Strikes could close all States secondary schools in coming weeks
ALL States secondary schools could close later this month, with teaching unions blaming the States Employment Board for a further wave of strikes by back-tracking on revised pay offers during negotiations.
Yesterday the Jersey branch of the National Education Union announced that its members would be joining their NASUWT colleagues in strike action on 26 February, a move which is likely to lead to the closure of a number of schools.
The NEU has said that Haute Vallée, Hautlieu, Jersey College for Girls, Grainville, Les Quennevais, Le Rocquier and Victoria College have all been targeted for strike action, with 200 of its members set to walk out of their jobs for the day.
The union has warned that other schools are being lined up for strike action a fortnight afterwards if a settlement is not reached with the board.
The decision of the two teaching unions follows strike action by civil servants, including teaching assistants, on two occasions, forcing the temporary closure of most States primary schools and nurseries in December and January.
Large sections of the public sector, including teachers, civil servants and nurses, are dissatisfied with their most recent pay deals after receiving below-inflation pay rises for 2018 and 2019.
Union representatives are currently engaged in a mediation process with the States Employment Board.
Brendan Carolan, president of the NEU’s Jersey branch, said that the decision to strike came after an improved pay offer was made to teachers, who have been awarded a 2% rise for both years, and then withdrawn a week later.
‘On 4 February we felt we had an offer which was moving in the right direction. It was reasonable but it still wasn’t enough,’ he said.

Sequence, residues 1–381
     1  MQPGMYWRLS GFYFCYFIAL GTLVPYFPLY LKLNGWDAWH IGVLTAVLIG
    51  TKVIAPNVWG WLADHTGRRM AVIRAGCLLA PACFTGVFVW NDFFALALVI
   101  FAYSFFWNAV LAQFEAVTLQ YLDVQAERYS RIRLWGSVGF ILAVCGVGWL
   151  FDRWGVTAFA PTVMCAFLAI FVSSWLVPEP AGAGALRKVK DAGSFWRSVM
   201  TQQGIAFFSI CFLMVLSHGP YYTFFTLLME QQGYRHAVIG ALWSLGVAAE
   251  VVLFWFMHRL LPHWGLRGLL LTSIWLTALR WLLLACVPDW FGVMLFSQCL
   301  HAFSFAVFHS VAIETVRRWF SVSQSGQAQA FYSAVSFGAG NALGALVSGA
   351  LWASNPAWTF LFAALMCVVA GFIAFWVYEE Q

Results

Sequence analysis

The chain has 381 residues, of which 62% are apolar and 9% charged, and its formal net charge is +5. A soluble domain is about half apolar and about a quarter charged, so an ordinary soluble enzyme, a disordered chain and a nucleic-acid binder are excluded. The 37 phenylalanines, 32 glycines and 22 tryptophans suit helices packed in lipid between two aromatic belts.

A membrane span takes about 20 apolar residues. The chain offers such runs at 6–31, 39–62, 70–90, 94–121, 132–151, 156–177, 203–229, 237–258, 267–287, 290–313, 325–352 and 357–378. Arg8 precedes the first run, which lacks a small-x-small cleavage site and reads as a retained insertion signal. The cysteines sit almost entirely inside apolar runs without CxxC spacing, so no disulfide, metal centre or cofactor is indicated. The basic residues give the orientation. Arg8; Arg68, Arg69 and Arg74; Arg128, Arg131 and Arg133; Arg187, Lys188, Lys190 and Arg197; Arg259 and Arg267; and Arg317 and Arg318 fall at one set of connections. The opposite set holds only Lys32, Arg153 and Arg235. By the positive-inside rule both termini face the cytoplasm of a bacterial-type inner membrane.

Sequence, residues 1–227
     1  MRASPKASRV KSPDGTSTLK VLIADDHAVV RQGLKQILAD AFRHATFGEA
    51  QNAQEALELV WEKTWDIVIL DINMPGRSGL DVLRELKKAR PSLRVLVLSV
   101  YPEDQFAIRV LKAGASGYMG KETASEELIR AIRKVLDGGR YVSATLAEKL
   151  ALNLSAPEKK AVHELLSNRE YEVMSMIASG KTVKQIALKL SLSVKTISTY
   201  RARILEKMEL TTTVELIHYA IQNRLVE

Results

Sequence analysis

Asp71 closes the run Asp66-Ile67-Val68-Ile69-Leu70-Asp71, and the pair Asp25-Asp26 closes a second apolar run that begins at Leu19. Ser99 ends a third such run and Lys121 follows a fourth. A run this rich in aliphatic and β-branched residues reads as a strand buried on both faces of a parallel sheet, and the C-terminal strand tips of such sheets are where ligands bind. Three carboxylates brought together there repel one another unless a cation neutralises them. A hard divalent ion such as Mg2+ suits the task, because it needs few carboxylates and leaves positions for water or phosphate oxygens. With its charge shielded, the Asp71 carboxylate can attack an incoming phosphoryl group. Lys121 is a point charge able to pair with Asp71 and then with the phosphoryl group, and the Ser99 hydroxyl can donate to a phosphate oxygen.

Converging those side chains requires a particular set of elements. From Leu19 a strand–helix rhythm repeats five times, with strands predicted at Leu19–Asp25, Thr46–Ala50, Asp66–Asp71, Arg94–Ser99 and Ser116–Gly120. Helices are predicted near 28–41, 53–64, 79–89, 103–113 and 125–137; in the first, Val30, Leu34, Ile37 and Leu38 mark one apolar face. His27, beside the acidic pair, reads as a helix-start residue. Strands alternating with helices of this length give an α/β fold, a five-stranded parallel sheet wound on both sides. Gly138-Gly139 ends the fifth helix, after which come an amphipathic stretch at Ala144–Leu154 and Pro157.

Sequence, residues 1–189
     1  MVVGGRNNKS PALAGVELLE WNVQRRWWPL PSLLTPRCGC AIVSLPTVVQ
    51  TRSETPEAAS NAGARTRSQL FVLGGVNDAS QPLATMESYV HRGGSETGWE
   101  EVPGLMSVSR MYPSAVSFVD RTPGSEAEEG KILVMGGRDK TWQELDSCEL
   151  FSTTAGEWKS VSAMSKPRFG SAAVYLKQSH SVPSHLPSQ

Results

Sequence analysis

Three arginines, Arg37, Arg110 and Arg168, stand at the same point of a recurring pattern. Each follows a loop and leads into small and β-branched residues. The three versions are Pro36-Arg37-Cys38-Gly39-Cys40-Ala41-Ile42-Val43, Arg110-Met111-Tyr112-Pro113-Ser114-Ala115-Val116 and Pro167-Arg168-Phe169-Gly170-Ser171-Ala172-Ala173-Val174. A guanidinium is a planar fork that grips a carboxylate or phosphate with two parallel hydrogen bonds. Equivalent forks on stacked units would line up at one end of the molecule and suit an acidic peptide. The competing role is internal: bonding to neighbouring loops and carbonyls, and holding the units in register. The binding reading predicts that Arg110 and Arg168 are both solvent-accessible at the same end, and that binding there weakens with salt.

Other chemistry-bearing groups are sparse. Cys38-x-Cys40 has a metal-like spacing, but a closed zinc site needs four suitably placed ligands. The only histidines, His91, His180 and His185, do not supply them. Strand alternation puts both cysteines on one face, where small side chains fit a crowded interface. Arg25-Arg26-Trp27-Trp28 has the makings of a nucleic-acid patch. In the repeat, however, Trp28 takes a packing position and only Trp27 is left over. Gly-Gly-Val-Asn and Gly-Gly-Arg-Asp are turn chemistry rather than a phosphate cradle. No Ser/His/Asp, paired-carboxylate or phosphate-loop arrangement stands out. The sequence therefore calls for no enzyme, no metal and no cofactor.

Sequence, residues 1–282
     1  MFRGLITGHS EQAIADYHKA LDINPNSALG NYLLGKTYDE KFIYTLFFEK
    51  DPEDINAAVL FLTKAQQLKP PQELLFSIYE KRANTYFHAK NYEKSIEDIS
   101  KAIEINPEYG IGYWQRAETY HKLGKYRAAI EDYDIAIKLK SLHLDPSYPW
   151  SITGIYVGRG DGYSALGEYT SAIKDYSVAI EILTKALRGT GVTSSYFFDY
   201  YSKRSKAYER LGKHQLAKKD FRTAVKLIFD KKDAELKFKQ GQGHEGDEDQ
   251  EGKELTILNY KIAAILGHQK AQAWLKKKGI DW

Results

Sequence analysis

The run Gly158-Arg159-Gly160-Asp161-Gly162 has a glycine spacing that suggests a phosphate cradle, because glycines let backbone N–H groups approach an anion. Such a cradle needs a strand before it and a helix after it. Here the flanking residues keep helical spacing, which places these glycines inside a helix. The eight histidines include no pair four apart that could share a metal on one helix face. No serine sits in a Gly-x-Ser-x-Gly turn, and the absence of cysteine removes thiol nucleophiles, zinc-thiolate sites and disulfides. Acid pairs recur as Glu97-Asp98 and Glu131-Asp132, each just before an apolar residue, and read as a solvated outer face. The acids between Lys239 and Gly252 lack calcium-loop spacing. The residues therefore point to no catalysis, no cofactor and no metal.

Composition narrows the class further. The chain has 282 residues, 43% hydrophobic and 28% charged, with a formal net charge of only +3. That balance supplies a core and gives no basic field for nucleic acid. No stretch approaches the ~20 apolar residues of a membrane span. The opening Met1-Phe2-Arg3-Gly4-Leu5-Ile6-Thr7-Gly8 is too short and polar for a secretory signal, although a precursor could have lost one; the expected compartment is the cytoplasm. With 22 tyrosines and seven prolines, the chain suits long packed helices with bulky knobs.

‘And then on this Monday, the 11th, the offer got worse – it deteriorated in a week. I can only surmise that the SEB was involved – they looked at what had been negotiated by their officials and decided it was too much.
‘So, when we do have a strike on the 26th let’s put the blame squarely where it lies, and that is with the SEB probably not realising the extent to which members of the teaching profession feel totally disrespected.
‘Over 2018 and 2019 the average inflation for the two years is 7.53% and we have been offered 4.04%. That’s a 3.5% cut in real pay.’
Mr Carolan added that the Island was starting to experience staff shortages in key subjects such as science and maths because packages had become less attractive for teachers.
‘The future Island Plan unveiled at the end of last year did prioritise children and education and did promise to make Jersey the “best place to bring up children in the world”,’ he said.
‘How can such grand objectives align with chronic underinvestment? Our Mercedes-Benz of an education service is fast becoming a Renault Clio with a dink in its side that needs a service to be roadworthy.’
NEU regional secretary Andy Woolley, who visited Jersey to speak at the public sector pay march and rally last Saturday, said: ‘We felt that the position went backwards from the previous week, when we had some hope that we could reach an acceptable settlement.
‘Now we are about as far away from this as ever and NEU negotiators cannot recommend what is on offer to our members.’
He added: ‘We believe that the schools involved are likely to be closed or operating on a vastly reduced basis.
‘After that, it is likely that the next step would be to call out a fortnight later the other schools not striking on this first occasion.’